Budget Wine for the Holidays at Fresh & Easy
This guy's really excited about his Fresh & Easy holiday wine swag bag... Who knew $10 wine could make you feel this good?!
Hannah E Williams
We scoped out your best budget wine bets for the holidays at a Fresh & Easy tasting last night: No two-buck chuck was on hand (Chao, Saludas! Hang Ten, The Big Kahuna! Take a hike, Flat Rock! Bon Voyage, Cape Peak!), but every wine we tried was less than $10 a bottle.
Fresh & Easy must shelve the Mad Libs when it comes budget as opposed to bargain wines, as the adjective-noun pairings and land formations fill-in-the-blanks are kept to a minimum. We did, however, ask Fresh & Easy Wine BuyerRichard Wherry about the naming practices: "I wish there was a science!" he says. Turns out it's either a democratic vote or office competition that gets a name (and a label) slapped on these bottles!
We try Hilltown Chardonnay first: Unoaked, this wine lets the bright fruit flavors shine as opposed to the buttery, toasty, hit-you-over-the-head-that-I-was-aged-in-an-oak-barrel notes of most American chards. Richard Mansfield, the winemaker behind brands like Stag's Leap, made this one for Fresh & Easy with a price tag of $7.99, instead of $50-plus like the others
"More expensive does not mean better," Wherry says, "Yes, there's a difference between a $10 bottle of wine and a $50 bottle, but there's not much between a $10 bottle and a $20 bottle."
Wherry recommends either sticking to the $10 and under price range or bumping your budget up past $20. "There's not going to be much improvement in quality between $10 and $20," he says.
Click through for Wherry's budget entertaining tips, and the wines you'll want to stock up on at Fresh & Easy to make it through the family turmoil...
Hannah E Williams
"Think about the food you're serving first," Wherry says. "Heavy, rich foods need a full-bodied wine. Light foods need a light-bodied wine. And foods with intense flavors need an intense wine."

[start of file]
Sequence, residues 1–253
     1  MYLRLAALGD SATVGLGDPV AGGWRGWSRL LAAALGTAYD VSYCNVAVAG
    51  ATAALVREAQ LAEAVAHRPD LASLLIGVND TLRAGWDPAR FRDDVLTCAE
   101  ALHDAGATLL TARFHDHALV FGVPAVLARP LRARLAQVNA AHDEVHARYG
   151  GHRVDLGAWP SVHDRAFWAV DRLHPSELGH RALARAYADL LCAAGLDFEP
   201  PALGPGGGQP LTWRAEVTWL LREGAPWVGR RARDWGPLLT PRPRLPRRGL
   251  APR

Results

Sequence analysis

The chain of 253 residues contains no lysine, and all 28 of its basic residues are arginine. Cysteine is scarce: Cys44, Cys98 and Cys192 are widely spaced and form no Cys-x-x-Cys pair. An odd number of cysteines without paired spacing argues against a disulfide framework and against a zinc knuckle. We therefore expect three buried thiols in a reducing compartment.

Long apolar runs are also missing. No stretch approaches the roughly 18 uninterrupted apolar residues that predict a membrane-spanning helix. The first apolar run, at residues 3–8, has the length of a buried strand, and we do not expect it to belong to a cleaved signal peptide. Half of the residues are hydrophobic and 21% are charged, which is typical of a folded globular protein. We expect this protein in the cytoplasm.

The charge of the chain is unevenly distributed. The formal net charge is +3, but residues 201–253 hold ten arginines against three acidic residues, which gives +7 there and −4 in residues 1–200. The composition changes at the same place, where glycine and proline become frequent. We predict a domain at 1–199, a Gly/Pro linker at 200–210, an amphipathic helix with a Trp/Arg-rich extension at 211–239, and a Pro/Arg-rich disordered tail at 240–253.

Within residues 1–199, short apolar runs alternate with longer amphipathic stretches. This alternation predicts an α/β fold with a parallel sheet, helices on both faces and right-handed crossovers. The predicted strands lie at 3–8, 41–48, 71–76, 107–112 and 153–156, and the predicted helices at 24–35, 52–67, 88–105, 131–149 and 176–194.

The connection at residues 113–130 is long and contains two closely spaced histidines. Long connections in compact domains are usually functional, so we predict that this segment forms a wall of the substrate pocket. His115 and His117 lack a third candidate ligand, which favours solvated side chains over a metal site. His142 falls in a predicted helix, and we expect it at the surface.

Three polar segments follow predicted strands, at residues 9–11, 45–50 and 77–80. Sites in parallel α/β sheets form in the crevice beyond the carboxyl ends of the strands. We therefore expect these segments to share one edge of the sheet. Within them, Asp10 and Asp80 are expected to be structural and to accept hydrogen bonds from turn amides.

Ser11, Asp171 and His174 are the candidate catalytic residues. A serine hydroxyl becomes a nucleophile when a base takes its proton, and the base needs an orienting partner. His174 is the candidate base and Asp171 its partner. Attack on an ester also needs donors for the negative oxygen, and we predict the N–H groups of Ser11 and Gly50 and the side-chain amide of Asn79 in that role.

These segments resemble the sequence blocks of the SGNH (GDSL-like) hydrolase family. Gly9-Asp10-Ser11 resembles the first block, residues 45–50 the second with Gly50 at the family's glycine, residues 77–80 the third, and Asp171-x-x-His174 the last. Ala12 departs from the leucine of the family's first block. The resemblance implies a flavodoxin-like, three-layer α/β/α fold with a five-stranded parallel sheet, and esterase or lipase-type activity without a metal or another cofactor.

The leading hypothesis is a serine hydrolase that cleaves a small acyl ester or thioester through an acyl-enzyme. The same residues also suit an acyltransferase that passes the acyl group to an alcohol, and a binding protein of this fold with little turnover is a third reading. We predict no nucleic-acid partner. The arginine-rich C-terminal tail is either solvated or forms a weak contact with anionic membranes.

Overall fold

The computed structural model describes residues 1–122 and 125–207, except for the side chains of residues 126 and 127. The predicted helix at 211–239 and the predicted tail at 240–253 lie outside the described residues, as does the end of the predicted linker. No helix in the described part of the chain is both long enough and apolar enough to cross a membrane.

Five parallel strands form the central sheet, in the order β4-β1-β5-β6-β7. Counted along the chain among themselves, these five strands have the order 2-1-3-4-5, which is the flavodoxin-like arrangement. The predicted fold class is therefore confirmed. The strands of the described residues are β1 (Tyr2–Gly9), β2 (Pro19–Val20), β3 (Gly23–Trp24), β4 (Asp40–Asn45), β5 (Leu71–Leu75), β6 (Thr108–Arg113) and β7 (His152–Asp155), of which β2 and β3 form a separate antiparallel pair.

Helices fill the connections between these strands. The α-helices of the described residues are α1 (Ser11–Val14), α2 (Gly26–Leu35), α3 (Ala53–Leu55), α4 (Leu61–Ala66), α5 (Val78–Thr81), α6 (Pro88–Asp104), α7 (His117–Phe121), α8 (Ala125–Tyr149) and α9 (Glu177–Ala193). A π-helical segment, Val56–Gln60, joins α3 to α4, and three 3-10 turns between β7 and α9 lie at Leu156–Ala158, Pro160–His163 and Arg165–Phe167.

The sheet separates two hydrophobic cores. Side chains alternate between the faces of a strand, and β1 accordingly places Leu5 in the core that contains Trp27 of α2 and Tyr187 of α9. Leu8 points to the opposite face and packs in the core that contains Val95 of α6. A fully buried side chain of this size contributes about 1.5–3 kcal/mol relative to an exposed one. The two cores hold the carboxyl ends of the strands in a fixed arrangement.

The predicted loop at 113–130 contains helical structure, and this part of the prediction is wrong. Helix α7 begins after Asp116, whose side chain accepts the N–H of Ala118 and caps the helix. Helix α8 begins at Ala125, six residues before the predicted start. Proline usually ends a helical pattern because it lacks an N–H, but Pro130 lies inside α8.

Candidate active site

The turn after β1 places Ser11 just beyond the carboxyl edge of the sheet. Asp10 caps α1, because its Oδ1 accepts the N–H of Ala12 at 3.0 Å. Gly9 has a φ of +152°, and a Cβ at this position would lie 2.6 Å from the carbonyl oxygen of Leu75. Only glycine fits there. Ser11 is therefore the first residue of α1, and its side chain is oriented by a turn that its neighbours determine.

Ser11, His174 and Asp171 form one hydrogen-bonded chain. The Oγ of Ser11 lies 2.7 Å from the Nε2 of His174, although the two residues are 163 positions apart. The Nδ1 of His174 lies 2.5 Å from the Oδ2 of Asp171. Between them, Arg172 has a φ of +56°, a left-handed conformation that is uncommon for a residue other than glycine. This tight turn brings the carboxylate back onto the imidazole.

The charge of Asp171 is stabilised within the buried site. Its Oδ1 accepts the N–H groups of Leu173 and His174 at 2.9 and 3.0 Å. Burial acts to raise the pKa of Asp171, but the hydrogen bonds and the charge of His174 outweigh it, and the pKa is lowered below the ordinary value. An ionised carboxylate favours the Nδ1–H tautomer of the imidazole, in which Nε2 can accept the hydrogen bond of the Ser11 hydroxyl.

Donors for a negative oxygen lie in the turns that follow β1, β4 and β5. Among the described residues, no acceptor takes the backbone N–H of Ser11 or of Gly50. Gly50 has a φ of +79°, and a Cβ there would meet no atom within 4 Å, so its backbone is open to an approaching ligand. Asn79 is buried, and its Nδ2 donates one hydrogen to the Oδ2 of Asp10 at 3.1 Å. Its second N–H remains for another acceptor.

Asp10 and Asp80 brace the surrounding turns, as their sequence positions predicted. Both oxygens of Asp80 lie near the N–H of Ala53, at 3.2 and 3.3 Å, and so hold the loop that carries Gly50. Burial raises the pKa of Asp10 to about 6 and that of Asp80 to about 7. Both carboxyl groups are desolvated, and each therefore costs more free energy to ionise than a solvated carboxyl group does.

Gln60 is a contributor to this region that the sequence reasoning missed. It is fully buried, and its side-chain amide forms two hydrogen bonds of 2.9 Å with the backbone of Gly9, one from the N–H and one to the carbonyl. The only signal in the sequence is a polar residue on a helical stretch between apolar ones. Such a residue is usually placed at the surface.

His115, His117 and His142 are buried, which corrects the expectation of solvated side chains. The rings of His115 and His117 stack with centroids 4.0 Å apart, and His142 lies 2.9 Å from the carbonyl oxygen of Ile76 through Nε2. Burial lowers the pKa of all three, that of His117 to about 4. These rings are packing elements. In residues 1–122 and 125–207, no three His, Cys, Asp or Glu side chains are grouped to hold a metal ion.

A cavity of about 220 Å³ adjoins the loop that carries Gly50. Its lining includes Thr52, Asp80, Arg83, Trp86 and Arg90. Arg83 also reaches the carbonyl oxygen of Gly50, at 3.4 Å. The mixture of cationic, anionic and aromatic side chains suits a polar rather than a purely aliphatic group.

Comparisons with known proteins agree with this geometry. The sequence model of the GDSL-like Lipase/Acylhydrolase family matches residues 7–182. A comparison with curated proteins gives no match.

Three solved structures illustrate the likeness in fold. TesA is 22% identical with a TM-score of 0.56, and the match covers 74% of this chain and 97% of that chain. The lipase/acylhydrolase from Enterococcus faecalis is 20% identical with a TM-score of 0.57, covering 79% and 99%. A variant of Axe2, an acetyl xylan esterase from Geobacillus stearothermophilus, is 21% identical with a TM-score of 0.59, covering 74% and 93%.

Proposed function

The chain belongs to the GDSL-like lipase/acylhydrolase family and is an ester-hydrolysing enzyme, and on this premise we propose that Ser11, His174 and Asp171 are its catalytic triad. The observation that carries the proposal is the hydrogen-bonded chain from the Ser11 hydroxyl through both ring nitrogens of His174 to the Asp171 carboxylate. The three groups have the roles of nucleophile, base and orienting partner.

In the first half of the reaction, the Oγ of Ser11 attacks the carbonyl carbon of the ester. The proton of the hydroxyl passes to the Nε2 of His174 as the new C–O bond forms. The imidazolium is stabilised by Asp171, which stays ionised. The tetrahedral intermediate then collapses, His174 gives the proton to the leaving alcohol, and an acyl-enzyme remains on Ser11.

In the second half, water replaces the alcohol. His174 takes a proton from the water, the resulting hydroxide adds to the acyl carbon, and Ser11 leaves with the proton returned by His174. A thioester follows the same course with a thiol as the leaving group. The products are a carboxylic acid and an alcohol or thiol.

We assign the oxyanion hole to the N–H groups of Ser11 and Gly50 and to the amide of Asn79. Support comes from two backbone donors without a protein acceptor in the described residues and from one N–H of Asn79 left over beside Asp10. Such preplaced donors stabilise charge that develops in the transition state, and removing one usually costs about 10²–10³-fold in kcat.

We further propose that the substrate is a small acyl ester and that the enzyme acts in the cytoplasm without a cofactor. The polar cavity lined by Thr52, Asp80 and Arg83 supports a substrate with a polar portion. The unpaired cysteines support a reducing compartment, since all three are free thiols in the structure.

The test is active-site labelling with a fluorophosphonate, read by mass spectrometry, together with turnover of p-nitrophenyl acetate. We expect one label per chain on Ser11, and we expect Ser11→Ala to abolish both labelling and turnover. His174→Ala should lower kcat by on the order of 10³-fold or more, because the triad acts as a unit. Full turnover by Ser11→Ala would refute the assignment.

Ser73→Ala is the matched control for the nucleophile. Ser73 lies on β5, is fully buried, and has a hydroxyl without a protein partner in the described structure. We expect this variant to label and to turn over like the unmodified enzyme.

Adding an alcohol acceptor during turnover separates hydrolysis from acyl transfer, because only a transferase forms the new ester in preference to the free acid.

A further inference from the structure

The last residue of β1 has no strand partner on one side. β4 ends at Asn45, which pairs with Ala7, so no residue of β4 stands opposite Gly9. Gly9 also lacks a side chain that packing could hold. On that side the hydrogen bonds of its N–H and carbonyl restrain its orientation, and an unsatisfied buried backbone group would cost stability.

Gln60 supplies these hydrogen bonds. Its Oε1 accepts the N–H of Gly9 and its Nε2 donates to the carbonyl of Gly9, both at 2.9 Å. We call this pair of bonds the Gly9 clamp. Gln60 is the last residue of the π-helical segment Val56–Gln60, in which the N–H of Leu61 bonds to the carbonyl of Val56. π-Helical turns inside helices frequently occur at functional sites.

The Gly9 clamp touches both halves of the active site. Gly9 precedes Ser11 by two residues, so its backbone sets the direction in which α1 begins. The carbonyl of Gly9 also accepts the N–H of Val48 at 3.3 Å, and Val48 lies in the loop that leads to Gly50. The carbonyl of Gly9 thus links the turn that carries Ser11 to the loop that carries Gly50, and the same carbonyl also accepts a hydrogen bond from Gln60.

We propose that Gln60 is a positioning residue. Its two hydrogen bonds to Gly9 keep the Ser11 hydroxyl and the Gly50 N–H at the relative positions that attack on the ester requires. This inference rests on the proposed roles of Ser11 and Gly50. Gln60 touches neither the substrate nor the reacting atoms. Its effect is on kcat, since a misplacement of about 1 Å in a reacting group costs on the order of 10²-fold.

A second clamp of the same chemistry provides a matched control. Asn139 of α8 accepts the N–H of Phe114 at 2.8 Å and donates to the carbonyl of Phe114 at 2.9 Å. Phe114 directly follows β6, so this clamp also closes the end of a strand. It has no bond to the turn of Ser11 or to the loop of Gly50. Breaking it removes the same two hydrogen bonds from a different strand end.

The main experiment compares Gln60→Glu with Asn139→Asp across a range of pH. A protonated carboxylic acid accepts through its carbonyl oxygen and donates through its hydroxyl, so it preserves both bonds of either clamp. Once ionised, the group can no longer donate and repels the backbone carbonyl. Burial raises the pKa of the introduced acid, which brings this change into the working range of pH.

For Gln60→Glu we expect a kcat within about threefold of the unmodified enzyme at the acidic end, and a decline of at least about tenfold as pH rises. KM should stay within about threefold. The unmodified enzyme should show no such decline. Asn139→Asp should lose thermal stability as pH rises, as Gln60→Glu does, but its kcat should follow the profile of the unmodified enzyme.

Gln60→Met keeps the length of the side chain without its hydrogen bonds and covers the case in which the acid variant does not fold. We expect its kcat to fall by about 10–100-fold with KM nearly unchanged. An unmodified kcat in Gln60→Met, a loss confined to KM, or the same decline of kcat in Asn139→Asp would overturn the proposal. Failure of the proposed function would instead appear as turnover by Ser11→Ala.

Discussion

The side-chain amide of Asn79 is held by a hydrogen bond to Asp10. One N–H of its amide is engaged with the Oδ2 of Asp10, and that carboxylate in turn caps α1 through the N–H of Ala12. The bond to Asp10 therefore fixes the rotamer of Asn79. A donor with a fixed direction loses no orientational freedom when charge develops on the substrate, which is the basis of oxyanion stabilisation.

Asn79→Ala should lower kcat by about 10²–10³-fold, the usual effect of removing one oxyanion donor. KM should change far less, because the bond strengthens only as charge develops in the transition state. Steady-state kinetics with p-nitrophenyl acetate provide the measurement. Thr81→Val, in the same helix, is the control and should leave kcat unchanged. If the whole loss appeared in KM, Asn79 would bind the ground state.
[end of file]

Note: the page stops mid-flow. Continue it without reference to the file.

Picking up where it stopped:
Wherry advises against pairing a big Cabernet Sauvignon or an oaky Chardonnay with the turkey and ham you're likely to be serving. We'd recommend steering away from the Castillo Rioja, a tempranillo blend we tried, too. We found it to be watered down and flat, and Wherry tells us it might be because it's oaked (we don't care for wood in our wine).
The Ora Montepulciano d'Abruzzo, on the other hand, is a robust red on the drier side that we'd be happy to drink while watching a movie after the holiday feast and, at $4.99, that isn't out of the question.
"Salty foods like ham pair better with more acidic, sweet wines like a Gewürztraminer or a Riesling," Wherry says, recommending a Washington Riesling called St. Helen's, which at $4.99 is half the price of the Château Ste Michelle that Wherry says is comparable if not inferior.
Wherry walks us through a wine tasting. Mmm, unoaked Chardonnay!
Hannah E Williams
Open up your palette before a big meal with a dry, sparkling wine like the Rene Florancy Premier Cru Champagne that Fresh & Easy's unloading for $9.99, marked down for the holidays from $29.99. Or you could grab a bottle of the bright, bubbly La Gioiosa Prosecco Spumonte we tried on sale for $7.99.
"Don't waste your money on a Champagne for dessert," Wherry says. "Sweet desserts go better with a sweet, sparkling wine or a late harvest Riesling."
Wherry's best budget bet for the holidays? Spanish Cava. "It's made using the same method they use in Champagne, allowing the wine to ferment in the bottle." Grab a bottle for $4.99 through the holidays.
One last tip: Do your homework before your shopping run."Chances are our employees in the Fresh & Easy stores don't know anything about wine," Wherry admits. "And that's our fault." We'd like to see Fresh & Easy appoint a few point people to help us make sense of the options (especially if all we get from the label is majority rules!). Then again, maybe we could just phone Wherry every time we drop by... Helllllloooooooo, remember us?! We're lost in the wine aisle.
Is budget wine still out of the budget? Check out our Bottom of the Barrel reviews for the wine that'll cost you less than a Lincoln but you can still serve proudly (rather than dumping it down the drain).
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